An administrative reform in the judiciary would not be complete without addressing the prosecution. Bulgaria ranks first in the European Union in terms of prosecutors per capita. This high payroll of the prosecution is hardly justified, considering data of the Council of Europe which show that the Bulgarian prosecution has a relatively low workload in comparison to other European prosecutions. For example, in Finland there were 425 000 registered crimes and 402 prosecutors in 2012, whereas Bulgaria reported 120 000 registered crimes and 1 977 prosecutors (including 512 investigators) for the same year. It remains a mystery what is the reason for Bulgaria to have 3.5 times more prosecutors than Finland with 4 times less registered crimes.
The administration of the Bulgarian prosecution is also the largest in the European Union. Part of this administration must be cut and this measure should be combined with a moratorium on all new appointments in the prosecution and closure of all vacant positions in the administration. Regional prosecutions with up to 5 prosecutors do not need to maintain full administrative staff. Instead, several of these could share one and the same general administration.
There is also room for improvement in the system of remunerations. Unlike the government administration, the judicial system continues to enjoy annual salary increases for every year of service. This additional payment thanks solely to one’s stay in the system should be put an end to by its one-off inclusion in the basic salary. At the same time, additional payments should be connected to the workload and the risk pertaining to the position or the magistrate’s workplace.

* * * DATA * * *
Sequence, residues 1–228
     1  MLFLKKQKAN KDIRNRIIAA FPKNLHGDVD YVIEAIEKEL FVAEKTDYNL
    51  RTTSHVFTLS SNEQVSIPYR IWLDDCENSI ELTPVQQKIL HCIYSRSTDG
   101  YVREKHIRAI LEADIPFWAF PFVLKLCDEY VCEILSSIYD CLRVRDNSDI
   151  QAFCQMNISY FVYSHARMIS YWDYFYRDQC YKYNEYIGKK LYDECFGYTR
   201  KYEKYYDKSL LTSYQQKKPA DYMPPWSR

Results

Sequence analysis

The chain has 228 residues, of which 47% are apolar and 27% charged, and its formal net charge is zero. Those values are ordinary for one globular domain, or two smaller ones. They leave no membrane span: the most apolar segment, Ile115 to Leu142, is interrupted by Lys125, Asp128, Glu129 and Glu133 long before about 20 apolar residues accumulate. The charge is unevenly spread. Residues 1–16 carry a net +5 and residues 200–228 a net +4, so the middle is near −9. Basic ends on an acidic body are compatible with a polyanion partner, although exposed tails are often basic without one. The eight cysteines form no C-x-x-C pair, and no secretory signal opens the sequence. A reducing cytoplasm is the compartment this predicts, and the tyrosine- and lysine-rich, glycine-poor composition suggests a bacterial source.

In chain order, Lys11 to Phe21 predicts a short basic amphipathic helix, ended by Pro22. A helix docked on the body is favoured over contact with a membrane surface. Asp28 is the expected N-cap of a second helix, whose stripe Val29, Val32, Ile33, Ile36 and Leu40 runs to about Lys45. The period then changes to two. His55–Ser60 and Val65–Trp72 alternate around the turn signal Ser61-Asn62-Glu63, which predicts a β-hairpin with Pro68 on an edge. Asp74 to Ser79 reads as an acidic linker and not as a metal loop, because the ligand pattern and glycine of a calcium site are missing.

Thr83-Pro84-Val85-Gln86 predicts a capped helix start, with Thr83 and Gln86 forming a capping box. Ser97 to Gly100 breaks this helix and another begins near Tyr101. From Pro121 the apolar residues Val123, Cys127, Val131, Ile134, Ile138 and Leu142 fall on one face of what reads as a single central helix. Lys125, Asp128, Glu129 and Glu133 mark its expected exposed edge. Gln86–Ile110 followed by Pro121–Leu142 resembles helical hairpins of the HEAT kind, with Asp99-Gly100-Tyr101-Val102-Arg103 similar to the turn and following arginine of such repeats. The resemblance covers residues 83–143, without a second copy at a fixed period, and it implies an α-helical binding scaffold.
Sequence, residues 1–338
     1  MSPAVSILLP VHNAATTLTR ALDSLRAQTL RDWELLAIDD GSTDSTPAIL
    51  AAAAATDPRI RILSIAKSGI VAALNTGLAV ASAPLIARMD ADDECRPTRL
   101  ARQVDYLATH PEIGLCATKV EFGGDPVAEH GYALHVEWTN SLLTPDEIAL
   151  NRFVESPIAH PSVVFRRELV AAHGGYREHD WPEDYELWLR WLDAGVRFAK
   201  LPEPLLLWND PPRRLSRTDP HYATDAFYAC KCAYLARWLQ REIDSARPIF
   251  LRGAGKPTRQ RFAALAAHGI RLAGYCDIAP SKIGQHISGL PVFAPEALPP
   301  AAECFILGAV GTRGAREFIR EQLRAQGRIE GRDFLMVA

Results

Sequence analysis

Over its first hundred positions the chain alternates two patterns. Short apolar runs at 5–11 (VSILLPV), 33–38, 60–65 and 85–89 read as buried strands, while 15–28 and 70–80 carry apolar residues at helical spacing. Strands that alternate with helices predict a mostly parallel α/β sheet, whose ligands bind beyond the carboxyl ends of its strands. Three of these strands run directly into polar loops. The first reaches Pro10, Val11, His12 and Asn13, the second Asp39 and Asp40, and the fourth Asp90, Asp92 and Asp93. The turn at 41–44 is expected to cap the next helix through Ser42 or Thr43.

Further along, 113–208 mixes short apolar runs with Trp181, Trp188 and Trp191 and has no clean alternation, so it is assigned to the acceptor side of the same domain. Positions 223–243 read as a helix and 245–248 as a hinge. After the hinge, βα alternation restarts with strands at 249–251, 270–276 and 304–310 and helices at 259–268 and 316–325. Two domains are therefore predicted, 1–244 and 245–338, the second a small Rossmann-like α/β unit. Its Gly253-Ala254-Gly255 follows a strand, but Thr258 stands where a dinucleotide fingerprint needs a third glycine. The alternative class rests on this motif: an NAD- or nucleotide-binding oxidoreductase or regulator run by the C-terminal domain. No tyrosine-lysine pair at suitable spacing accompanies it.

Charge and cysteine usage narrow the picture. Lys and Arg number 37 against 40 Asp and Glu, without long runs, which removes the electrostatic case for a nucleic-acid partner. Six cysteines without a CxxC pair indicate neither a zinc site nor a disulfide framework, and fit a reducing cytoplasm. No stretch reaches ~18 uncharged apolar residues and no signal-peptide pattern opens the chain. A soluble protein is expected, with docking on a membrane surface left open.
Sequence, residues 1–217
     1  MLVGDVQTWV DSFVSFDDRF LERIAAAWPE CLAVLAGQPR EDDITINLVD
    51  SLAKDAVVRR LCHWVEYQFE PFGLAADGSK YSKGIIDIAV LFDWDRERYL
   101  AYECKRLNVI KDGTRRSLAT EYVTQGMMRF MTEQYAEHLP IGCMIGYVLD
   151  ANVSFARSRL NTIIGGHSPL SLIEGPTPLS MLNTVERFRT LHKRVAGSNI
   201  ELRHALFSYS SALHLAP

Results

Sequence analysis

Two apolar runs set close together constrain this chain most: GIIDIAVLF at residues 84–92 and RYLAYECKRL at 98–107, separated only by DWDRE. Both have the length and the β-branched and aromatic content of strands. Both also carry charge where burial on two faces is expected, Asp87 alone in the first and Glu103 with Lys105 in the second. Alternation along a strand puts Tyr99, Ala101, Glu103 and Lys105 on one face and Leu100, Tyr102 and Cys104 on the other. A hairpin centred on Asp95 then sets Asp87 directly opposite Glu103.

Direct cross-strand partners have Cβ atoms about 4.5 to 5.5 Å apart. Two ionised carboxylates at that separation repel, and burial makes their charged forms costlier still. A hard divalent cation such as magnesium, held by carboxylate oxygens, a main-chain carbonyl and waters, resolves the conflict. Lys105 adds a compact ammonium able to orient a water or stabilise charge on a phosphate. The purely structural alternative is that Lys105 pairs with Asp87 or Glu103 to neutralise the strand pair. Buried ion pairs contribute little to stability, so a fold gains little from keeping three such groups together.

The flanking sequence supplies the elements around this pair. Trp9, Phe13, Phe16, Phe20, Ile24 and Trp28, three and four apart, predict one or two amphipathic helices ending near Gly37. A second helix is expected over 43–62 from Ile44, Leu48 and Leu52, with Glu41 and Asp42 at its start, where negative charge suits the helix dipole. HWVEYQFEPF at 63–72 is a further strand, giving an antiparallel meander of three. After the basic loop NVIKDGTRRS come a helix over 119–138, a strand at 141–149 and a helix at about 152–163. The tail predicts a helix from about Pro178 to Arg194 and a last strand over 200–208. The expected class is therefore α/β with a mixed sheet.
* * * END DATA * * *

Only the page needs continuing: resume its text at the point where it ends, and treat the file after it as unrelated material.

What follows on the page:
The budgeting process suffers from a number of deficiencies, too. Firstly, the budget of the judicial branch continues to be prepared following a historical approach instead of program budgeting in accordance with clear goals and plan which should be financially provided for. In other words, what was spent last year is mechanically copied for the following year. A small increase of the budget is typically foreseen, too.
This practice should be discontinued and replaced by genuine program budgeting in the judicial power. For this purpose, however, indexes of the workload of both magistrates and administrative staff should be first introduced. Currently, the Supreme Judicial Council does not avail of an in-depth analysis which would show the time needed for each activity of the judiciary, the number of staff necessary to secure the performance of these activities, the degree of efficiency in the execution of these activities, etc.
An up-to-date and comprehensive analysis on the technical needs of the judiciary has not been carried out either. Such an analysis would show the judiciary’s expenditure on software, hardware and technical maintenance, as well as the extent to which current software and hardware systems meet the needs of the judicial power. At present, the judiciary is serviced by four different file-keeping systems. Neither the SJC, nor the society in general is aware of the number of man-hours lost due to the usage of different systems or the exact contribution of this specific factor to the slow judicial process.